A blue medium-thickness line represents all-day routes which run every 20-60 minutes during the day. Corridors where multiple routes are scheduled together for frequent service combine into a single thick line. A dark route badge indicates the route runs seven days a week, whereas a light route badge indicates a route runs on weekdays only or has no Sunday service. These concepts are borrowed from Washington, DC’s bus system maps and Spokane Transit’s system map, both of which CHK redesigned in 2012 and 2011, respectively.
A coffee colored line represents the peak-only commuter routes. Unlike the frequent and regular routes which have a line for each route to make them easy to trace, the peak routes get a single line per street. Because nearly all these routes are focused on getting people to either downtown or the U District, this should be sufficient. Their limited service hours call for reduced visual emphasis on the map.
The visual weighting follows to the typography as well. Streets and lines with more service get more prominent labels.
*A slight variation on Metro’s definition. I am aware that the suburban routes (except 550) are not frequent on Saturday.
Each Route Its Own Line
As mentioned above, each frequent and regular route gets its own line. This helps the reader trace a route across the city and reduces the occurrence of “shield hunting”, where readers get lost trying to follow a path on the map and have to rely on the route labels (or shields on highway maps) to figure out the route. This is a major shortcoming of my Frequent Transit Map due to the challenge of compressing the entire city on to a letter-size sheet of paper.
Another benefit of separating the lines is being able to show overall level of service on a street. On this map, it is very clear that Aurora, Jackson, Pacific, and Pike/Pine (excerpted below) have ultra-frequent service.
However, there are exceptions. It is impossible and undesirable to show each route running through downtown separately. At one point on Third Avenue there are over two dozen routes. You would have a hard time finding individual routes in all the clutter. It is a similar situation for the freeways where many routes run non-stop for long stretches. I didn’t want to dedicate precious space showing service that you can’t access. Instead, routes are consolidated into fewer lines.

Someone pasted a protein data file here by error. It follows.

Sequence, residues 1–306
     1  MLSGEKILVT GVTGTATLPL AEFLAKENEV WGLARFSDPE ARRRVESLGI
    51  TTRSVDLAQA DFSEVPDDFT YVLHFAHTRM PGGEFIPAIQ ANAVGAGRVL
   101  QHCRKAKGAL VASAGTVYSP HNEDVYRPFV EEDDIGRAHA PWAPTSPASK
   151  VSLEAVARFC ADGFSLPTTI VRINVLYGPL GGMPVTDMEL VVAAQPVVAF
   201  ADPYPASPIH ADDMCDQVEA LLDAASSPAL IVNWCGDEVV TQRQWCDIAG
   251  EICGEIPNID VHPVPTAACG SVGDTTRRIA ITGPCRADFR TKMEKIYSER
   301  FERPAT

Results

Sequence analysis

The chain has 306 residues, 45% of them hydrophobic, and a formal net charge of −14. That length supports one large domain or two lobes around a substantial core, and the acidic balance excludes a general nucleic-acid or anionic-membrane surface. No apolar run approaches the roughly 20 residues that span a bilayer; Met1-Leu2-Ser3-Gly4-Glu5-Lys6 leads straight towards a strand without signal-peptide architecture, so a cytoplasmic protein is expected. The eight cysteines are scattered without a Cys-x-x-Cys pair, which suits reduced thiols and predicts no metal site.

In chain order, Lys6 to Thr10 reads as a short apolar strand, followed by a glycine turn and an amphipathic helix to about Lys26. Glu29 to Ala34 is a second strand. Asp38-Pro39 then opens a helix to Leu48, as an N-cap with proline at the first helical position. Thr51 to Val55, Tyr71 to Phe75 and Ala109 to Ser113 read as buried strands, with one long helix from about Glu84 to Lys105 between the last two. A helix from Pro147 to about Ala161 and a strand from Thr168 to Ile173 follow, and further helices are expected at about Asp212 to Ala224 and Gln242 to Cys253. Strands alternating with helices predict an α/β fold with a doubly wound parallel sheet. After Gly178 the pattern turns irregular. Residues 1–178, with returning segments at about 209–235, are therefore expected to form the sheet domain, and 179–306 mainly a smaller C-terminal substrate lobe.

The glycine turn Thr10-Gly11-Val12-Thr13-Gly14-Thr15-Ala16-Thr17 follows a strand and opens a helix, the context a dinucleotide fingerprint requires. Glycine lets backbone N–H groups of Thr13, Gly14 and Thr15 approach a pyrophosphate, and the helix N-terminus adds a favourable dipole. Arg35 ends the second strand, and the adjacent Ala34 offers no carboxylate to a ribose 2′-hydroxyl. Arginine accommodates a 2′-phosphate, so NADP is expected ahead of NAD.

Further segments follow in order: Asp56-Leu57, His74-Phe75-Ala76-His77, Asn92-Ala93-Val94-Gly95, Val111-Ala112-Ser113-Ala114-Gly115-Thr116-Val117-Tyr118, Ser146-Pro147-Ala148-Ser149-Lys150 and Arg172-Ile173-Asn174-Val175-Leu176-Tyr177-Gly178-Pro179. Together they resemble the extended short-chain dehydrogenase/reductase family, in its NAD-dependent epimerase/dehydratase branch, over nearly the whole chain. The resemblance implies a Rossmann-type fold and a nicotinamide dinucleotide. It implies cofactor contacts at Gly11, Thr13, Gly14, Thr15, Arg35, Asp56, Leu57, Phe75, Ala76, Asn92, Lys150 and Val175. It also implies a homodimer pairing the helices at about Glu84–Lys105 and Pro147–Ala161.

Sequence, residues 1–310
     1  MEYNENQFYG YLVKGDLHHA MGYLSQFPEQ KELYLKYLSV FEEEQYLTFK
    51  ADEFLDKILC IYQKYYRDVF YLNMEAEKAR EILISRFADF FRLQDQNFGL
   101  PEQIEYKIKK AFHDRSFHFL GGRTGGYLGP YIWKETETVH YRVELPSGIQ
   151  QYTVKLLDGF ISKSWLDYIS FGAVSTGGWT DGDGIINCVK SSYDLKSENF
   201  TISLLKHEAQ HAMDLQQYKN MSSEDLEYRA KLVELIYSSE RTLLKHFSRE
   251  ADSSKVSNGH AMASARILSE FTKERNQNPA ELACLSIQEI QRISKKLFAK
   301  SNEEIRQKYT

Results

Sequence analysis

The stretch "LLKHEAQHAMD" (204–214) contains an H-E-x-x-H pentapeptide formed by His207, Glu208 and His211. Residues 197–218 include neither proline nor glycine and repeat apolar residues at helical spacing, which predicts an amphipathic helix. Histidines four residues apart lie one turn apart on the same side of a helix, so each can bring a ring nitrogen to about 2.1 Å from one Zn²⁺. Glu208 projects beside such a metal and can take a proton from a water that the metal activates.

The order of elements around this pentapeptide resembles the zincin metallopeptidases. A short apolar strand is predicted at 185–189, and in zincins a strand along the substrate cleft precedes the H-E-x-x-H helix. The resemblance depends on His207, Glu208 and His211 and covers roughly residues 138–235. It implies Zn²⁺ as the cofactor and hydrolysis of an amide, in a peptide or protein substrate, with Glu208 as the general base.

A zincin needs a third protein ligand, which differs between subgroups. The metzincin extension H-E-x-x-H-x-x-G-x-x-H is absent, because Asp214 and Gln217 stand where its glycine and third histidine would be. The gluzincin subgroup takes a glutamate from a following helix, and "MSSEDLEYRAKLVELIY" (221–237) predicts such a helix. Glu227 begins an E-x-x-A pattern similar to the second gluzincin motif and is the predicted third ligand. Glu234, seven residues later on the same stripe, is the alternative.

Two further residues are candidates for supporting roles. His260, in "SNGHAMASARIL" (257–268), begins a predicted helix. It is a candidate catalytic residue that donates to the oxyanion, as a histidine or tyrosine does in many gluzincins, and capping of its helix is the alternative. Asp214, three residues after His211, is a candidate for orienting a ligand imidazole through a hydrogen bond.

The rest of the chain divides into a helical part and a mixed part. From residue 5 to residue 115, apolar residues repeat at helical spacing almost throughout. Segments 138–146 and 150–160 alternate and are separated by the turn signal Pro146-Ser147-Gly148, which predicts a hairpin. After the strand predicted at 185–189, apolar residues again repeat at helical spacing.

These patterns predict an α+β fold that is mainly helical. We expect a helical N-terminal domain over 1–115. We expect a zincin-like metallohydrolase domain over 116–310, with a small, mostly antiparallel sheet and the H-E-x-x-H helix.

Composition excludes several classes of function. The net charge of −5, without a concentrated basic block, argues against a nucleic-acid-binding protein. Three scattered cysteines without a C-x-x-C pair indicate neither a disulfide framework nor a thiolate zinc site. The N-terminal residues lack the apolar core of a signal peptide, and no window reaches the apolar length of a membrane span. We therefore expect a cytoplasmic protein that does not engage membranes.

Simplified Geography and Geometry
The map attempts to stay true to Seattle’s unique geography while simplifying lines to make them easier to follow and more aesthetically pleasing. Each kink in a line adds to the mental effort a reader needs to process information, called cognitive load. But remove enough kinks and the result would conflict with most people’s mental model of the city, also called “looking wrong”, or distort distances so much to be misleading. It is a delicate balancing act.
The shoreline has been smoothed out; showing every single pier and dock and little cove on a transit map is a distraction. Seattle’s streets are laid out on a grid, so the map embraces it. The map presents an idealized version of it, sticking to a few angles, straightening streets, and aligning streets to the grid for even spacing.
If you open the map on your phone, you can use its GPS to indicate your location on the map to a reasonable degree.
Locally Sourced Colors
During development of the map, I sampled colors from objects and places that that are symbolic of Seattle and the Northwest. Objects include Puget Sound, smoked salmon, coffee, Rainier cherries, coast rhododendrons, moss, sea otters, and grey skies. It was a fun exercise but not all of them made it to the final map. Try to spot and name the colors that did! I feel it is important that a transit map not just be functional but also reflect the place which it represents.
Future of the Frequent Transit Map
I have not decided on what to do with my Frequent Transit Map with the release of the new Seattle Transit Map. Most of my free time is being spent developing the new map and I do not know whether it is worth keeping the old map up to date. There are several possible directions it could go: it could be updated to the March network, some of the work has already been done; or it could be abandoned in favor of the new map; or it could be redesigned to be a companion to the new map, although it will take some time after the March map is completed. Let me know what you think.